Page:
A metric fifth of Dewar's Scotch whisky

A fifth is a unit of volume formerly used for wine and distilled beverages in the United States, equal to one fifth of a US liquid gallon, ​45 quart, or 25 35 US fluid ounces (757 ml); it has been superseded by the metric bottle size of 750 mL,[1] sometimes called a metric fifth, which is the standard capacity of wine bottles worldwide and is approximately 1% smaller.


In the late 19th century, liquor in the US was often sold in bottles which appeared to hold one US quart (32 US fl oz; 950 ml), but in fact contained less than a quart and were called "fifths" [2] or commercial quarts.[3]

At this time, one-fifth of a gallon was a common legal threshold for the difference between selling by the drink and selling by the bottle or at wholesale,[3][4][5] and thus the difference between a drinking saloon or barroom and a dry-goods store.

The fifth was the usual size of bottle for distilled beverages in the United States until 1980.[6] Other authorized units based on the fifth included ​45 pint and ​110 pint.[7]

During the 1970s, there was a push for metrication of U.S. government standards. In 1975, the Bureau of Alcohol, Tobacco and Firearms, in cooperation with the Distilled Spirits Council of the United States, proposed metric-standard bottle sizes to take effect in January 1979 and these standards were incorporated into Title 27 of the Code of Federal Regulations.[7][8] These new sizes were 50ml, 100ml, 200ml, 375ml (355ml for cans), 500ml (discontinued in June 1989),[9] 750ml, 1 litre, and 1.75 litre.

See alsoEdit


  1. ^ E. Frank Henriques, The Signet Encyclopedia of Wine, p. 298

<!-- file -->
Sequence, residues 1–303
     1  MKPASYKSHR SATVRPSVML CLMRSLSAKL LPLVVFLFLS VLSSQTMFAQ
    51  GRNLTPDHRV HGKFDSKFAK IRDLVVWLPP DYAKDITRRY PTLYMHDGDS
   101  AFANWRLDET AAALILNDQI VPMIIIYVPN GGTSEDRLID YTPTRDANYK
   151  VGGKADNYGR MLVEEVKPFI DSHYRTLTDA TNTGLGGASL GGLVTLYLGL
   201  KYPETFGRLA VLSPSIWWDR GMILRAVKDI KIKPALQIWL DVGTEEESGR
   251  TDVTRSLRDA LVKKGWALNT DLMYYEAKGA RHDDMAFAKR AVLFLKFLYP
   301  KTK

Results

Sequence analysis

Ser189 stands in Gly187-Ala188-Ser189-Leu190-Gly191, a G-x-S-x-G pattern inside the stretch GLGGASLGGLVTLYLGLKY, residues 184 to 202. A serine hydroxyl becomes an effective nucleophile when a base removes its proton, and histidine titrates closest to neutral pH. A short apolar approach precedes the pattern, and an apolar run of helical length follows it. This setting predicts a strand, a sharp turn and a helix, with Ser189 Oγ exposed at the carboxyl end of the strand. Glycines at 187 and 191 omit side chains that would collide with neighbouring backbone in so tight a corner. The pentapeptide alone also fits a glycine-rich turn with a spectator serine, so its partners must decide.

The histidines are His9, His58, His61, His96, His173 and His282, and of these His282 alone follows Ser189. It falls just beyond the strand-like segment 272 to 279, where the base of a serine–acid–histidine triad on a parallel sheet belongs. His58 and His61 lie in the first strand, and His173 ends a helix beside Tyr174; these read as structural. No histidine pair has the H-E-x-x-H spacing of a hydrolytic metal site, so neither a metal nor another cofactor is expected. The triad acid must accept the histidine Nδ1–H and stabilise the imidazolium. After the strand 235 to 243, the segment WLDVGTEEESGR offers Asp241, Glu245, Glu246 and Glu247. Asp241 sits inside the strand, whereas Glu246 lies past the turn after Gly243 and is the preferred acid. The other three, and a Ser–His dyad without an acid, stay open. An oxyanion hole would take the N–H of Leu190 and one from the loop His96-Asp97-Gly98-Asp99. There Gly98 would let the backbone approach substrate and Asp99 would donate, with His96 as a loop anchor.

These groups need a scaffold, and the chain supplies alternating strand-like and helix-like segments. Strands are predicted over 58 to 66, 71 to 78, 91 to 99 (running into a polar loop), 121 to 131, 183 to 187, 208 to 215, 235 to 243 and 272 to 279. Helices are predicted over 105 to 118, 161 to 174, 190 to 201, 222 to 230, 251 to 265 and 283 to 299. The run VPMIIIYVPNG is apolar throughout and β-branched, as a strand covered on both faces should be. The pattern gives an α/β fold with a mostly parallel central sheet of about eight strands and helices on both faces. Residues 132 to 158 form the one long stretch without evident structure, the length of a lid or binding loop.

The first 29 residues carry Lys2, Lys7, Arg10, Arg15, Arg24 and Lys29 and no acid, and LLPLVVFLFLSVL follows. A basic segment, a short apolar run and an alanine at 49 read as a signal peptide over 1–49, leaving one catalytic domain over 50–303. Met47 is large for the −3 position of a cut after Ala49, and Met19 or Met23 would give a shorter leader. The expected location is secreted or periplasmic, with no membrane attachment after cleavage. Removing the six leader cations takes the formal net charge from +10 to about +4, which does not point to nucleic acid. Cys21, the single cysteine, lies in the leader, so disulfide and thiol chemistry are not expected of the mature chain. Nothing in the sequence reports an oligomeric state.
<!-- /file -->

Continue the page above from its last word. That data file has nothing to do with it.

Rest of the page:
2. ^ United States Congress, "Report of hearings on H.R. 16925 to Regulate the Storage of Food Products in the District of Columbia", January 24, 1910, p. 300
  3. ^ a b Municipal League of Los Angeles, Municipal Affairs 2:1 (January 1907) "commercial+quart" p. 4
  4. ^ The Southwestern Reporter 55, 1900, p. 212
  5. ^ Annual report of the Board of State Viticultural Commissioners (California), 1894, p. 71
  6. ^ testimony of Carl L. Alsberg, "Amendments to the Pure Food and Drugs Act", Commonwealth of Virginia, 1919, p. 17: "The ordinary whisky bottle contains one-fifth of a gallon, or 25​35 ounces [...] They are either marked 25 ounces, or one-fifth of a gallon."
  7. ^ a b 27 CFR Chapter I, Part 5, Subpart E, Section 5.47a Metric standards of fill for distilled spirits bottled after December 31, 1979
  8. ^ "Old Standard Fifth Due New Moniker", Indiana Evening Gazette, 16 July 1975, p. 40
  9. ^ "Packaging regulations for alcoholic beverages". Colostate.edu. Colorado State University. Archived from the original on 12 March 2015. Retrieved 12 March 2015.